NYC’s area median income increases by 16 percent, ‘wildly out of sync’ with actual income of New Yorkers

November 8, 2022

Photo by Emiliano Bar on Unsplash

A new report highlights how the area median income (AMI) set by the federal government for New York City is “wildly out of sync” with the actual incomes earned by most New Yorkers. The New York Housing Conference (NYHC) last week released a policy brief outlining the discrepancy, citing the new AMI levels set by the U.S. Department of Housing and Urban Development (HUD) for the area. The federal government set the new median family income at $94,500 while the city’s actual household median income remains at $60,550.

Chart courtesy of NYCH

Every year, the HUD is responsible for establishing the AMIs for areas across the country. These figures are used to determine eligibility for federal housing programs and for setting affordability levels in local income-restricted housing programs, according to the NYHC’s brief.

The NYCH report shows the new AMI levels set by the HUD don’t match up with the actual incomes of New Yorkers. HUD’s AMI for the New York Metro Area increased by 16 percent year-over-year and 34 percent over the past four years.

According to the Association for Neighborhood & Housing Development, the reason AMI levels are different than actual incomes is because of the High Housing Cost Adjustment (HHCA) that HUD uses. The HHCA increases the incomes under certain AMI levels in cities where rents are high compared to incomes, which means the AMI is actually based on rental costs, not actual income.

The brief also outlines other key facts, including:

  • The HUD’s median family income in the NYC metro area is almost double the actual median income of NYC renters.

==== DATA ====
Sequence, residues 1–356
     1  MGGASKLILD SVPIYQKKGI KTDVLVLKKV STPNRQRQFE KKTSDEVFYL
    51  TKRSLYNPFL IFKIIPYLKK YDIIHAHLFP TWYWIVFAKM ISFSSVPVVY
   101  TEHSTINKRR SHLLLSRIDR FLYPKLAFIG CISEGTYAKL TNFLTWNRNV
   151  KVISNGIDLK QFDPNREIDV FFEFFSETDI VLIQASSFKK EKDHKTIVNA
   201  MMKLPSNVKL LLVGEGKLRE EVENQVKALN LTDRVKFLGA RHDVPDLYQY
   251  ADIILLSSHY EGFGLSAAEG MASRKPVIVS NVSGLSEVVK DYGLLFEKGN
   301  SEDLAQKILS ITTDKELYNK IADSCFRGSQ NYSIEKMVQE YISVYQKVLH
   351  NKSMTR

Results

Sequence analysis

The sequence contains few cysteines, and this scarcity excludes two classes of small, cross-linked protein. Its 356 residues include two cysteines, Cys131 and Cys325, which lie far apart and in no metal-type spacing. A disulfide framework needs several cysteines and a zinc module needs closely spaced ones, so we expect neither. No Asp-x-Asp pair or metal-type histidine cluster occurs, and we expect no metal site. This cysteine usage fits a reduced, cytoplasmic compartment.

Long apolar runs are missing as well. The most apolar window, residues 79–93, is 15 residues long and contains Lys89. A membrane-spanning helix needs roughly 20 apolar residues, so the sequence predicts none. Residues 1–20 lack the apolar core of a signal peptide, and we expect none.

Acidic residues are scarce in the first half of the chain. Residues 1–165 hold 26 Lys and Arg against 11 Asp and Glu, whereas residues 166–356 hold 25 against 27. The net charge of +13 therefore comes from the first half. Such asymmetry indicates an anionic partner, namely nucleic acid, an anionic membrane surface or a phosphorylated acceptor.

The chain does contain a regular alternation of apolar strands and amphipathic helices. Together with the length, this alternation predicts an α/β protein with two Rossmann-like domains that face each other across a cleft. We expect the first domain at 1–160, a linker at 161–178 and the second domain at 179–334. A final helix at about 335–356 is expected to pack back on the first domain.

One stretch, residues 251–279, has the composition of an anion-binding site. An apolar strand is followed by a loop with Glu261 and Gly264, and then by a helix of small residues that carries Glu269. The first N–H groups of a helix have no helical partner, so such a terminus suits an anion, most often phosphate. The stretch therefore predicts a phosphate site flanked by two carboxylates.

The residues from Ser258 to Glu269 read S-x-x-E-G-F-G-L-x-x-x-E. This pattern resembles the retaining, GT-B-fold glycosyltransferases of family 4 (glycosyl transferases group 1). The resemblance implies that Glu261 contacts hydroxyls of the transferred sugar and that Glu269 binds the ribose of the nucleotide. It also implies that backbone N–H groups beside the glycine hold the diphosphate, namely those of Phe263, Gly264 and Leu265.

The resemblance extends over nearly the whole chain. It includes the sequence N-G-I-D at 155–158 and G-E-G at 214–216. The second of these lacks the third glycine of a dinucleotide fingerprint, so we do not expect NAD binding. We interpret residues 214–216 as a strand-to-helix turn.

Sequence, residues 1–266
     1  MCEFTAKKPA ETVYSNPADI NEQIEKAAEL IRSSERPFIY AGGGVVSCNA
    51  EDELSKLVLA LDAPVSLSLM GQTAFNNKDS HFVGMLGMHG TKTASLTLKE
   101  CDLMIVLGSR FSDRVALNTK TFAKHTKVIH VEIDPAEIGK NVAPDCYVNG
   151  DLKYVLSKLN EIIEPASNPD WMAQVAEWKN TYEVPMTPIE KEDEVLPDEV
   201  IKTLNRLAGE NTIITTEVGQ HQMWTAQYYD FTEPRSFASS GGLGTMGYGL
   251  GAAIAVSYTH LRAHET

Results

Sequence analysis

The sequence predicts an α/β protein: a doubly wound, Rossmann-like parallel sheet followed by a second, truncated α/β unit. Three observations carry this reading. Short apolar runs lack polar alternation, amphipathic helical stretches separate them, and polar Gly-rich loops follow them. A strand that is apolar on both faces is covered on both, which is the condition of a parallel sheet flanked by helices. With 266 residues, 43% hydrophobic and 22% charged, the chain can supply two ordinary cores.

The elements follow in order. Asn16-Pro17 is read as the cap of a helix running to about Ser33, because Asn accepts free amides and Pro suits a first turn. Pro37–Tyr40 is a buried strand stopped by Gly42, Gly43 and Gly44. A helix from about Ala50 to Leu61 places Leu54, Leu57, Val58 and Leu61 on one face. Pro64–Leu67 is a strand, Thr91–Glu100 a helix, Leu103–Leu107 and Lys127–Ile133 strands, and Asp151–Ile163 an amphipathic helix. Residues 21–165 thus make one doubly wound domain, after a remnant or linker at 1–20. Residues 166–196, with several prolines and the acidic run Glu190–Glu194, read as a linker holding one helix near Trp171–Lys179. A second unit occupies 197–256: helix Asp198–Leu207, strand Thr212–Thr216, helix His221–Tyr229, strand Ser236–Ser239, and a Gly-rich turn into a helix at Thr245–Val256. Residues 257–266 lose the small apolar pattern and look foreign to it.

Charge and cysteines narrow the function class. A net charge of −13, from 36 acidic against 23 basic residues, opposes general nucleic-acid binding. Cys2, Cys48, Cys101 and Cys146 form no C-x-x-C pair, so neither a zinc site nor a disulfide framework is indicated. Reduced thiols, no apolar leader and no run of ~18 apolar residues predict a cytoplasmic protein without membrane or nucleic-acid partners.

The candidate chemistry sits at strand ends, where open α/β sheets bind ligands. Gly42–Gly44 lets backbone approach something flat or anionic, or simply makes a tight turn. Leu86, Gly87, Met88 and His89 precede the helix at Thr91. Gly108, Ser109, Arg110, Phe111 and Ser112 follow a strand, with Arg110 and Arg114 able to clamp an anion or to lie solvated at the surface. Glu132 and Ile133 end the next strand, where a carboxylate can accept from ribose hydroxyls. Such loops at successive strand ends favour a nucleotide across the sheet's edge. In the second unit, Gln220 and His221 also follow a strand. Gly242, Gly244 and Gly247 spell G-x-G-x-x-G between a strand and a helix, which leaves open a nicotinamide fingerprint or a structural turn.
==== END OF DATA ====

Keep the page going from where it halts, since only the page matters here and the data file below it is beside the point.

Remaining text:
• An affordable rent, or 30 percent of an individual’s income, for someone earning the HUD’s set median income, would be over $2,300, while the affordable rent for a renter earning the actual median income would be $1,250.

The new AMI set by the HUD will exclude thousands of families from affordable housing programs. According to the report, a three-person family with one adult working a full-time minimum wage job ($15 per hour) will earn an annual income of $31,200, or $403 less than the HUD’s extremely low-income standard.

United for Housing, a coalition of more than 90 organizations that advocate for affordable housing, released recommendations to help Mayor Eric Adams’ administration effectively respond to the affordable housing crisis.

UHC recommends that the city first adjust its programs and “finance term sheets” for affordable housing to include the lowest affordability levels and take into account the rising AMI levels that don’t reflect the actual incomes of New Yorkers.

Other recommendations include the city producing more affordable housing for households earning less than $50,000 and setting “minimum production targets” for deeply affordable housing.

In response to the recommendations outlined in the report, the Adams administration said it was committed to creating affordable housing for New Yorkers who need it most.

“While AMI levels are set by the federal government, the administration has taken significant steps to create this much-needed housing.” William Fowler, HPD press secretary, said in a statement. “Making the largest affordable housing investment in the city’s history at $22 billion, accelerating the creation of supportive housing, unlocking $10 billion for repairs for NYCHA residents, and eliminating the overall unit count metric that disincentivized the creation of deeply affordable homes.”

The Adams administration in July released their housing blueprint plan that set policy goals and laid out improvements that would help the city tackle its housing crisis, but it did not include the framework for affordability levels.

“The data clearly shows a major discrepancy between what every day New Yorkers are experiencing financially and how the federal government sets income standards,” Rachel Fee, executive director of the NYHC and organizer of the United for Housing coalition, said.

“At the same time, City Hall can take this opportunity to start building housing where the need is greatest – for renters earning under $50,000 and establish minimum production targets for New Yorkers who need it most.”


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